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Part of the United Kingdom, England is one of the top destinations in Europe, largely due to its capital London. The buzzing city is often referred to as a melting pot, thanks to the multitude of cultures that coexist with centuries-old sights (Big Ben, the Tower of London) and quintessential British traditions like the royal family. A diverse dining landscape, vibrant music and nightlife scene, and world-class museums make London a must-see while in the U.K. University-centric Oxford and Cambridge offer sights in addition to their schools, while the medieval market town of Stratford-upon-Avon draws Shakespeare enthusiasts looking to tour his childhood home or see one of his plays performed by the Royal Shakespeare Company.
Football fans can visit the riverfront Liverpool, also known as the home of The Beatles, or drive east to Manchester and Leeds (the latter is the third-largest city in the country and has the highly rated Royal Armouries Museum). For a mix of relaxation and history, head to the charming town of Bath, which is known for its natural hot springs and honey-colored stone used throughout its architecture. The country is home to dozens of quaint, historic towns -- some along the water -- which vary in popularity. Along the English Riviera is the beach-packed resort town Torquay, while Brighton (south of London) offers a buzzing music and nightlife scene. St. Ives, situated by the southwestern tip of England, is also a lovely beach town filled with art galleries.
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The second-largest country in Europe by population, Germany typically attracts tourists to its two main cities: Berlin and Munich. The former has a documented history dating back to the 13th century, but it's perhaps most well-known for serving as Nazi Germany's capital during WWII. From being bombed to hosting the Summer Olympics, the northeastern city has seen numerous highs and lows. Today, however, it's considered one of the most cutting-edge cities in the world, with a prominent and interesting art scene, delicious food ranging from cheap street eats to Michelin-starred dining, and a vibrant underground nightlife scene with everything from drug-fueled dance parties to laid-back jazz clubs. Meanwhile, Munich sits near the southern border and lures many visitors with its annual Oktoberfest, where tourists and locals dress in traditional lederhosen and dirndl dresses and fill tented, beer stein-slinging halls. Historic buildings, excellent museums, and expansive urban parks are ideal for exploring outside of the festival.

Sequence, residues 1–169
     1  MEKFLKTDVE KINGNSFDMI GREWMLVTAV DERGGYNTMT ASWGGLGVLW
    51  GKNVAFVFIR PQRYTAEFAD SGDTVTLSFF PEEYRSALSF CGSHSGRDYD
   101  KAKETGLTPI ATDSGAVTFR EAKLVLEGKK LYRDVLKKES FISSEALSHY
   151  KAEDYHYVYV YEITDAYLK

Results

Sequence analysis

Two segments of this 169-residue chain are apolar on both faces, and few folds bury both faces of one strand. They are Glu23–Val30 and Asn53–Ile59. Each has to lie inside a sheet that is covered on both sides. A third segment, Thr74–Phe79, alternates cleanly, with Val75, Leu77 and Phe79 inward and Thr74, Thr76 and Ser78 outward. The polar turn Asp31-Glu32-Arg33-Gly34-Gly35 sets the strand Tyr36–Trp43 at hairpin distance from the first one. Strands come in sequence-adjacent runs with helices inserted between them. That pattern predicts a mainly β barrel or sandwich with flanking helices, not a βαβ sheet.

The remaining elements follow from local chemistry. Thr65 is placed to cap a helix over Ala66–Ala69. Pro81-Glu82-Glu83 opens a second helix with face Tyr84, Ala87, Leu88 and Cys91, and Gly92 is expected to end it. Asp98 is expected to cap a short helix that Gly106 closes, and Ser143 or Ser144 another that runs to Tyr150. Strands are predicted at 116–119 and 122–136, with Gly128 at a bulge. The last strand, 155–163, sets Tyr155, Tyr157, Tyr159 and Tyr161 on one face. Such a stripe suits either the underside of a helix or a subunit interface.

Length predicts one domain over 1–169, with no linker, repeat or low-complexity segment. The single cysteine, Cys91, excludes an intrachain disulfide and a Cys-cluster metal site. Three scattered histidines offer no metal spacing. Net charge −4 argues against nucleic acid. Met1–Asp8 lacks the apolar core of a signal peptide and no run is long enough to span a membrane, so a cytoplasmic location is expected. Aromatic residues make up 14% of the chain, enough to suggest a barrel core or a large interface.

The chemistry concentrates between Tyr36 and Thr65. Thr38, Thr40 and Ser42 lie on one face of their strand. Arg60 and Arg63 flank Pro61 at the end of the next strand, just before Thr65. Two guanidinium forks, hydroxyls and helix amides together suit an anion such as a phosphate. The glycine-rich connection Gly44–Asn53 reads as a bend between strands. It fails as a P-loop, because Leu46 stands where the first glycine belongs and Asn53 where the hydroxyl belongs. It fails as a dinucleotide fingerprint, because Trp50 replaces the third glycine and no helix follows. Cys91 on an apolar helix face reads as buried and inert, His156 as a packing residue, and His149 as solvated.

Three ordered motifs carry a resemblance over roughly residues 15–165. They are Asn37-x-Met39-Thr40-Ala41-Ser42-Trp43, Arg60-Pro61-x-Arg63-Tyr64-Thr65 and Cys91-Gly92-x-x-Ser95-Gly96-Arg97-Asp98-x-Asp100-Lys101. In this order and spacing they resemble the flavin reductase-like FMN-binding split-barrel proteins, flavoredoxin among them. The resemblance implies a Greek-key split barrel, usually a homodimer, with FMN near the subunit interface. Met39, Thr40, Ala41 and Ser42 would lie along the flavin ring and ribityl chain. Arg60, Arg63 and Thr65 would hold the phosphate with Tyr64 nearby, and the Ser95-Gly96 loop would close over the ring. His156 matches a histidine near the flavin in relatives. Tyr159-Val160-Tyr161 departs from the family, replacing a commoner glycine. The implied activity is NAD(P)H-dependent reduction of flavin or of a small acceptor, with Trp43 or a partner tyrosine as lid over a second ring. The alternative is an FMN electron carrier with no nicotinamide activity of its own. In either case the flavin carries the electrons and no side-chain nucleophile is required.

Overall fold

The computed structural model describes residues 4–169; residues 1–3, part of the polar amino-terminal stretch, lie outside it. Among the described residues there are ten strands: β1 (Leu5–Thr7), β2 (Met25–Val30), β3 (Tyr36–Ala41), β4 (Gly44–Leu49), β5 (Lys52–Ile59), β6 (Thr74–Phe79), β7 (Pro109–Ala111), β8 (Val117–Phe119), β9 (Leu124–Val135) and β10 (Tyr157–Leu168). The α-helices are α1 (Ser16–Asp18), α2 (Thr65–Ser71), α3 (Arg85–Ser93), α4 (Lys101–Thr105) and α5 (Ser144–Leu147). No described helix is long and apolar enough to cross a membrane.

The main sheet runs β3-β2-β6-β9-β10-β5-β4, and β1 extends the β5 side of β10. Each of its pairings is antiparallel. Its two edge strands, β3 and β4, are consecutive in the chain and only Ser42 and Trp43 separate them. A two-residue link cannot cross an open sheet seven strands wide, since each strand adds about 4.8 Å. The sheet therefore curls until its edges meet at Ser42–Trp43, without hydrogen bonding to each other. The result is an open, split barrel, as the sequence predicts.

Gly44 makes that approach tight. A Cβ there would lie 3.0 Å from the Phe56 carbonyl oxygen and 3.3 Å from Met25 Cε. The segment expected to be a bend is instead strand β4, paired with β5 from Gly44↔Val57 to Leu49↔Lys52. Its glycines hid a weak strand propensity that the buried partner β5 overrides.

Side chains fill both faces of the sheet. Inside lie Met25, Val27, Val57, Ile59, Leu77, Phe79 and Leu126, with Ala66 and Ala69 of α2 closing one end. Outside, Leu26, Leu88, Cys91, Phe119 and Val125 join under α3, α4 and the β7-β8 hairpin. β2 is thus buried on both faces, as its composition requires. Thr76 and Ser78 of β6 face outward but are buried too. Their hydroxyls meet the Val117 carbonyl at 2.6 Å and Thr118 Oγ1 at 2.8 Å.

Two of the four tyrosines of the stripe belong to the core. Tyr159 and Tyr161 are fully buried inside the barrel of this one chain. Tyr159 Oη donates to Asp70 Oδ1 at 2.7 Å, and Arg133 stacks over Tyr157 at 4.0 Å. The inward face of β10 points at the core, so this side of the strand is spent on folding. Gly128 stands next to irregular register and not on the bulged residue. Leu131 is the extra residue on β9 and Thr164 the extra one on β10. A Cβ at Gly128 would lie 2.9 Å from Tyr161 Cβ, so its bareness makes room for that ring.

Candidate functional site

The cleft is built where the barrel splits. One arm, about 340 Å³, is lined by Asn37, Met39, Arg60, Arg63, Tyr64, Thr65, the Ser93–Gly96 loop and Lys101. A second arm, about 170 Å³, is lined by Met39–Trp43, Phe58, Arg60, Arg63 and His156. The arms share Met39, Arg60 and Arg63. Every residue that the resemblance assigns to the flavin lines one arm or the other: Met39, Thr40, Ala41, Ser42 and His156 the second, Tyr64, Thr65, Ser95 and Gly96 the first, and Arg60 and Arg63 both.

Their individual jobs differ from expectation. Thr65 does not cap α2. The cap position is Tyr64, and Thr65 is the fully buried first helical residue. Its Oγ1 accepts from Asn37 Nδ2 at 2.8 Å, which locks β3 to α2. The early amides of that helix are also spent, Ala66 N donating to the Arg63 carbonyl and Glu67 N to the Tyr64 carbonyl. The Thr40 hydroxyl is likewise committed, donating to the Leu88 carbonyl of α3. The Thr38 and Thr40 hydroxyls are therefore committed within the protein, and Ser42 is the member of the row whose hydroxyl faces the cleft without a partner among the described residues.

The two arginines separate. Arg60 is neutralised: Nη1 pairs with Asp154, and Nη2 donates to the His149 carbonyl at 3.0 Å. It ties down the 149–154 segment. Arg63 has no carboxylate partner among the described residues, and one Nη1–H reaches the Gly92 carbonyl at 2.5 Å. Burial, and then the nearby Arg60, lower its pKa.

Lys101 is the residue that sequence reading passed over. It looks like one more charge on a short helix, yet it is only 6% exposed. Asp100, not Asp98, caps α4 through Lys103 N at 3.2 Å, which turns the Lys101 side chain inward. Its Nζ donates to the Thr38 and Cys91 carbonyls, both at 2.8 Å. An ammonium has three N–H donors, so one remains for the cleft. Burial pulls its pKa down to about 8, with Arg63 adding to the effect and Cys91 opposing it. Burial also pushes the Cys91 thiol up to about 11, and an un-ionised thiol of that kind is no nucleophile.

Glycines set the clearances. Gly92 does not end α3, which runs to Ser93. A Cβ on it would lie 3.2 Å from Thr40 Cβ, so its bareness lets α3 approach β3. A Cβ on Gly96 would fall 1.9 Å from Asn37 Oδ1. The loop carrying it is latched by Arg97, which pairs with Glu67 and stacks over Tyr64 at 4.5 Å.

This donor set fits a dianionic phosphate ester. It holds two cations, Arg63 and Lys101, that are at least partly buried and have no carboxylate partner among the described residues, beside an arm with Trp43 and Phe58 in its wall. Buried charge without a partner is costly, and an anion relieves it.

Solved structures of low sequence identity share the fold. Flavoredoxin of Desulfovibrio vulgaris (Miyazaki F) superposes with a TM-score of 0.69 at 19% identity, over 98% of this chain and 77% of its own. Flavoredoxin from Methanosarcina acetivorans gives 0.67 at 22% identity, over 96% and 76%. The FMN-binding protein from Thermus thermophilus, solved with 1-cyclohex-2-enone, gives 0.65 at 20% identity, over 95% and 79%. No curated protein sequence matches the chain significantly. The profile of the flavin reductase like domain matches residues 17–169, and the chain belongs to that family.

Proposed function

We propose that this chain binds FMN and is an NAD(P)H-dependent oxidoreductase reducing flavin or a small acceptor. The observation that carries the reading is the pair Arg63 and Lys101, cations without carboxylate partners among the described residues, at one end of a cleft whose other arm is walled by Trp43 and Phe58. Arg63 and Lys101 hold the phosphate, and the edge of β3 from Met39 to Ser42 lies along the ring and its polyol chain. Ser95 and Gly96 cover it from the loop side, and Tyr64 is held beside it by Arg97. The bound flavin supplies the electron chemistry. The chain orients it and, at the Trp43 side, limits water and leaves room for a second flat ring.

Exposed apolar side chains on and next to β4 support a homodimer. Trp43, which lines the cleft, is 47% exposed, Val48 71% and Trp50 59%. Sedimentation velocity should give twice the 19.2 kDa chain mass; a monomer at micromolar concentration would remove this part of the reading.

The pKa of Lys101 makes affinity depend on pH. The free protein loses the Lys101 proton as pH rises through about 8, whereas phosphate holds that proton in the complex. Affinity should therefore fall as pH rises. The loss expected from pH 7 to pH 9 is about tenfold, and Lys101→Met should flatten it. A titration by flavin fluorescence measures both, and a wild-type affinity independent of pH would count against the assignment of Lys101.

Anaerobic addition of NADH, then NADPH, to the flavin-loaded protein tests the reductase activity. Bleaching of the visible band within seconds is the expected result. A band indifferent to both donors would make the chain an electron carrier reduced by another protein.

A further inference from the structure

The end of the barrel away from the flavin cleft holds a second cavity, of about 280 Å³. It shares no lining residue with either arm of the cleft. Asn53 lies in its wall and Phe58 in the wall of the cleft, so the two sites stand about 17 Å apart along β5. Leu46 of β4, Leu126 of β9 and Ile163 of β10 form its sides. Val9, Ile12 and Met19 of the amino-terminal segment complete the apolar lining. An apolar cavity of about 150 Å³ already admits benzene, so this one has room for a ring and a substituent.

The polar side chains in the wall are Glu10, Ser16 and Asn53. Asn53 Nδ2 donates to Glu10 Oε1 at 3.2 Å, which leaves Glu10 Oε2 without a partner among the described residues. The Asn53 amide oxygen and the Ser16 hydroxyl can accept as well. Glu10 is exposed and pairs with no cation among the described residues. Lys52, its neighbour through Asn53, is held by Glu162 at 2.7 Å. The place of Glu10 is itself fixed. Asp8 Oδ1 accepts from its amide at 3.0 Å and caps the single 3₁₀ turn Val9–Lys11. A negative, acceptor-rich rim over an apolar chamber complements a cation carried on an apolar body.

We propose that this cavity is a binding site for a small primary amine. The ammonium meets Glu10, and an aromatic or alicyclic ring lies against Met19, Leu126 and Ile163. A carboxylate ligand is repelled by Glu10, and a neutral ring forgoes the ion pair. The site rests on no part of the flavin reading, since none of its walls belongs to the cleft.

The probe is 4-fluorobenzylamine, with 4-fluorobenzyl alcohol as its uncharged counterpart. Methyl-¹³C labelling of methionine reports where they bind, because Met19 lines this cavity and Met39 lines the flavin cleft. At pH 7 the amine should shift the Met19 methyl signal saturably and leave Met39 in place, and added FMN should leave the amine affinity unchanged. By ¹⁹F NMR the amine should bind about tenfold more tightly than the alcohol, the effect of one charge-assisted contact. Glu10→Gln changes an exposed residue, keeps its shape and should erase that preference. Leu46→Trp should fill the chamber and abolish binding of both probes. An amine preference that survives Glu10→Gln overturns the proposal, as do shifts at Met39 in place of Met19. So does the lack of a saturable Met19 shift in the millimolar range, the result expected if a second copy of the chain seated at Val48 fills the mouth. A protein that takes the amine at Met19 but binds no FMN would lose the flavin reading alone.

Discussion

Taking third place for most-visited city is Hamburg, a major port city in northern Germany, about a two-hour drive south of the Denmark border. Crossed by numerous canals, boat tours are a popular way to see the city, and top attractions include the Church of St. Michael, red light district, and architecture of the Warehouse District. In central Germany, Frankfurt is a financial hub, home to hundreds of credit institutions. Plus, it has a medieval district with a historic market square, the Frankfurt Cathedral, and the Old St. Nicholas Church. A bit smaller, though no less enticing, are artsy Dresden -- which had to be rebuilt after WWII bombing nearly destroyed the city -- and Cologne, a 2,000-year-old city along the Rhine River that has a stunning Gothic cathedral with twin spires and a progressive culture.
For more under-the-radar spots, check out our list of the best small towns in Germany.